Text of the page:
LH.) “Preparation of Pure Titanium, Zirconium, lHafni
um, and Thorium Meta ,” Z. Anorg. U. Allgem. Chem,
148, pp. 345-350, 1950, U.S. ‘Patents Nos. 2,694,662;
2, 694,653 and 2,694,654 to A. C. Loonam).
removable therefrom for purposes of recovering the metal
output of the unit. Suspended downwardly into the de
In order to render these processes suf?ciently ef?cient
ing shown in the drawing, which are adapted to be con
nected to an electrical power supply (not shown) at con
tact ‘terminals 15 projecting through the closure plate 13 to
the outside of the deposition chamber. The bottom of
and productive for commercial operations, it is advan
tageous to employ forced convection or similar dynamic
?ow of the iodide feed into contact with the dissociation
position chamber from closure plate 13 are a plurality of
directly-heated U-shaped resistance ?laments 14, three be
‘deposition element (see also U.S. Patent No. 2,895,852
the deposition chamber is ?tted with an outlet duct 16
to A. C. Loonam). On the other hand, when forced con ph communicating ‘with the inside of the chamber through a
vection feeding is employed under such conditions as to 5 suitable outlet ori?ce 17. Directly below the outlet ori?ce
achieve optimum high deposition rates, the metallic de
posits produced are generally highly irregular, spiny struc
tures having relatively poor mechanical strength. As a
result, the ?lament carriers for the metal deposits, if per
mitted to grow to a diameter much in excess of one inch, O!
17, within the outlet duct 16, there is positioned a suitable
outlet ba?le 18. The outlet duct 16, in turn, communicates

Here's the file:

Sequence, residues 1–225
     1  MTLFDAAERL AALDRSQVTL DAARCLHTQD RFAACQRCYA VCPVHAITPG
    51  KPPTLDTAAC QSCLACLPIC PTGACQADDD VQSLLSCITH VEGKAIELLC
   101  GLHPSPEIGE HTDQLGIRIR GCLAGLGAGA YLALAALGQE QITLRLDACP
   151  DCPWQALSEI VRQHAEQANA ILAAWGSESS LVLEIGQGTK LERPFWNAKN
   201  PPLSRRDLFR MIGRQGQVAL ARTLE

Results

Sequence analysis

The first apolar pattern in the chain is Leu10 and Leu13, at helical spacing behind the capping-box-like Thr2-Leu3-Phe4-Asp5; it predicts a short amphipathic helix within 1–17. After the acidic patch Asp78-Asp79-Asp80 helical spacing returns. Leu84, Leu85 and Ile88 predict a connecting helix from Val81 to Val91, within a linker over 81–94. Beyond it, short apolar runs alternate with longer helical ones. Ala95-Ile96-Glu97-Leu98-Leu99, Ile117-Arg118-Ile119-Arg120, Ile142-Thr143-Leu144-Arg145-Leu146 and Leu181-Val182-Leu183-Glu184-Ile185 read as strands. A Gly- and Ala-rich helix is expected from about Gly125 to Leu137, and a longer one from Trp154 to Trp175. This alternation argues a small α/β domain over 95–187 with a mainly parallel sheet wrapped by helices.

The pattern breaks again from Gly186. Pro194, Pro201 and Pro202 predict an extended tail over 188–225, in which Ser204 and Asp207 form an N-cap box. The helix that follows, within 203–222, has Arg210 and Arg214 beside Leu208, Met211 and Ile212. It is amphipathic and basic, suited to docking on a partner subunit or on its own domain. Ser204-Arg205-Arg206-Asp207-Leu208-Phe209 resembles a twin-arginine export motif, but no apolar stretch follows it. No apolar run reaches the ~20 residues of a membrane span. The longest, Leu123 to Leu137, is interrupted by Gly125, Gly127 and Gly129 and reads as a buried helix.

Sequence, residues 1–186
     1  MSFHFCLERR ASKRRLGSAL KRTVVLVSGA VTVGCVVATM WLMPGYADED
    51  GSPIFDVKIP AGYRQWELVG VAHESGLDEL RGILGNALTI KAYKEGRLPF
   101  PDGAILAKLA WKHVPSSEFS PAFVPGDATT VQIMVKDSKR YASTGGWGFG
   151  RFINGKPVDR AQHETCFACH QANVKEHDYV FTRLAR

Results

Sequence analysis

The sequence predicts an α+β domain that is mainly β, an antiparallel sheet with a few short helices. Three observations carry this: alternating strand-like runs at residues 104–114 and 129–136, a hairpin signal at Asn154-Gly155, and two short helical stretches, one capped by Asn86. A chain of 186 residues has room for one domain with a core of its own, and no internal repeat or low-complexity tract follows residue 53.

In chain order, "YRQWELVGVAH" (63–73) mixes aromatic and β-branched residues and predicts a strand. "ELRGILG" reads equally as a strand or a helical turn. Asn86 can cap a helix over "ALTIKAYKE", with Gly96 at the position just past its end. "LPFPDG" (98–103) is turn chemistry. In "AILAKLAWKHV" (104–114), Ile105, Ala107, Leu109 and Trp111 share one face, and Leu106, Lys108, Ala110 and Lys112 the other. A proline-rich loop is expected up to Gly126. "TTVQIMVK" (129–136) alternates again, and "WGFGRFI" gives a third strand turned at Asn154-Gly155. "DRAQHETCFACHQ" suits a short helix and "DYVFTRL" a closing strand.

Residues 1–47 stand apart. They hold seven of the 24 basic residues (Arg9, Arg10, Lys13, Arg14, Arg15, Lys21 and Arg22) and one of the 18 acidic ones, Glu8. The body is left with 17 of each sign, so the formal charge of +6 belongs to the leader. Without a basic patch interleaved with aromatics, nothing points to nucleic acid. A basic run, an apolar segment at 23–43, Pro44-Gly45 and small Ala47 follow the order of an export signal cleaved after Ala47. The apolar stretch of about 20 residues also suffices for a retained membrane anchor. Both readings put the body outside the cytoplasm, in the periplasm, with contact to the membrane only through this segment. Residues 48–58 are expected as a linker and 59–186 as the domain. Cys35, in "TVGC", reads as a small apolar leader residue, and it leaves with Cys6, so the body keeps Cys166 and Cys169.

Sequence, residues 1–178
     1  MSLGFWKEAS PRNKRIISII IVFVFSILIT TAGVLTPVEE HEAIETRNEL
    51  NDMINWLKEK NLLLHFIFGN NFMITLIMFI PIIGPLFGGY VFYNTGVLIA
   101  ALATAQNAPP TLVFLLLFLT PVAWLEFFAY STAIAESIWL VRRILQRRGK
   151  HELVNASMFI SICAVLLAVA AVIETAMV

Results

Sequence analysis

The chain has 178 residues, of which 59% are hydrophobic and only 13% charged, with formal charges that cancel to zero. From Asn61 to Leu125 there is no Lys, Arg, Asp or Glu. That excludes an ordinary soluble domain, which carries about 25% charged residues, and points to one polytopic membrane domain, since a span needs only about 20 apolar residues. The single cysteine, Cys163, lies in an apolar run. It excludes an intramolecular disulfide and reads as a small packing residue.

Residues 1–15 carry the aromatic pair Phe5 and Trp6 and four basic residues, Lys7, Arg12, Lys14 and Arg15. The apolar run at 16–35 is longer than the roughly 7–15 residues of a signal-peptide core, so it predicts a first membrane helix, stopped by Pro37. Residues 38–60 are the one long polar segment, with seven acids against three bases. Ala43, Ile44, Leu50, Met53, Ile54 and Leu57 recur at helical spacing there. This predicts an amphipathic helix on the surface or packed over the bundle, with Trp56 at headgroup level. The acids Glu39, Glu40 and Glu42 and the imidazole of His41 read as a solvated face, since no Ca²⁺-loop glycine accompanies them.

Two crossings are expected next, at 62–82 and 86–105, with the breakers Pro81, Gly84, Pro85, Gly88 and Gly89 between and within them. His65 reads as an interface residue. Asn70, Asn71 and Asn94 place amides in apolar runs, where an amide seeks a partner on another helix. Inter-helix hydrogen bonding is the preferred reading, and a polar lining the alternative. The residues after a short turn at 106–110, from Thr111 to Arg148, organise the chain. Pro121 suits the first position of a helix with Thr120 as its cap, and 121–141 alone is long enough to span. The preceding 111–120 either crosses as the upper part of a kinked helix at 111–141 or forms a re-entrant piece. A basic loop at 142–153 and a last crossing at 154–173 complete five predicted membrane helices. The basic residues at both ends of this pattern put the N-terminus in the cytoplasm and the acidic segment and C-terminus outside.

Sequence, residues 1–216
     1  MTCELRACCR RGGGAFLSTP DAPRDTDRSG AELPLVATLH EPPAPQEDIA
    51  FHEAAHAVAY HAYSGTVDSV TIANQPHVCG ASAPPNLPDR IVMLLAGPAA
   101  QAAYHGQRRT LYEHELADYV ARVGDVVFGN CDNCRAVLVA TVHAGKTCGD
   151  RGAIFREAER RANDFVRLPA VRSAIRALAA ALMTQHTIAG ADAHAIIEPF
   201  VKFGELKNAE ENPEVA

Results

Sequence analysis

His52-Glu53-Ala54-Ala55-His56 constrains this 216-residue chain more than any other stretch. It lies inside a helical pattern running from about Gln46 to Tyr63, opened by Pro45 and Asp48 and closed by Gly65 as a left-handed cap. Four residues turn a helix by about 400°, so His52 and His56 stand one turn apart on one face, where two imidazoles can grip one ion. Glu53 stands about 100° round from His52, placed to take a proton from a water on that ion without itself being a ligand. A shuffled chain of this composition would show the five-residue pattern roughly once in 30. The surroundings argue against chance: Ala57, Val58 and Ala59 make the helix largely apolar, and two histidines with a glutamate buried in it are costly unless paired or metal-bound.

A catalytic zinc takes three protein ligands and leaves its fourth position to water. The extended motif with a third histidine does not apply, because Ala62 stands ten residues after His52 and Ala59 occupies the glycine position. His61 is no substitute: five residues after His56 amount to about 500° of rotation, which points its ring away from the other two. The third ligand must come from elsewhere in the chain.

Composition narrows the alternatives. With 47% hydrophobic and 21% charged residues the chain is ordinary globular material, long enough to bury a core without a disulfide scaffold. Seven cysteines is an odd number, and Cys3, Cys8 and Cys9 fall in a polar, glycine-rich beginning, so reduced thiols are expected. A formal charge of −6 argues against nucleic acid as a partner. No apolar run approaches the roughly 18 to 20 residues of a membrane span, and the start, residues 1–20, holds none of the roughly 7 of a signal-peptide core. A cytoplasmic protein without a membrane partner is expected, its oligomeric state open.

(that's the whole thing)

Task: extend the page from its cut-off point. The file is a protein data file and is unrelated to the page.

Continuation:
through an upwardly directed right angle extension 19
with an exit port 20 adapted to be connected to any suit
able vacuum equipment (not shown) for outgassing the
will usually fail under their own weight at the high tem
unit, and for directing the =by-products of the primary
peratures involved. Alternatively, in the case of the
deposition reaction to secondary treatment units.
resistively-heated ?laments, the irregular nature of the
Approximately mid-‘way between the lowermost level of
metallic deposits renders it extremely di?‘icult to maintain
the suspended deposition ?laments 14 and the outlet ori?ce
uniform electrical operating characteristics. This type of 55 17 of the deposition chamber, there is positioned an inlet
?lament failure has received considerable attention, since
nozzle 21, directed radially inwardly along a diameter of
it represents a most serious drawback to the commercial
the chamber. It is found that this precise positioning of
application of the vapor-deposition processes, and particu
the inlet nozzle in combination with the radial direction of
larly the van Arkel-de \Boer process, but, for the most
‘ the vapor stream entering the deposition chamber through
part, prior attempts at overcoming the problem have
the nozzle, promotes uniform velocity distribution through
been centered around changes in the ?lament or deposi
tion surface, per se.
of the deposition ?laments, with the result that smooth,
'Heretofore, the reactants utilized in vapor-deposition
units have been introduced at one end of a vessel con
taining one or more ?laments, and the reaction products
together with any unchanged reactants are withdrawn at
the opposite end of the vessel. Under these conditions,
my investigations have demonstrated that a non-uniform
velocity distribution in the region of the ?laments is in
evitable. As a result, the metallic deposits themselves are
irregular, showing non-uniform deposition along their
lengths, and containing local ?ssures which tend to en
out the chamber, and particularly within the critical area
dense deposits of metal are obtained uniformly over the
full length of the ?laments. Furthermore, the arrange
ment illustrated is capable of providing more e?icient rates
of deposition as compared with conventional bulb feed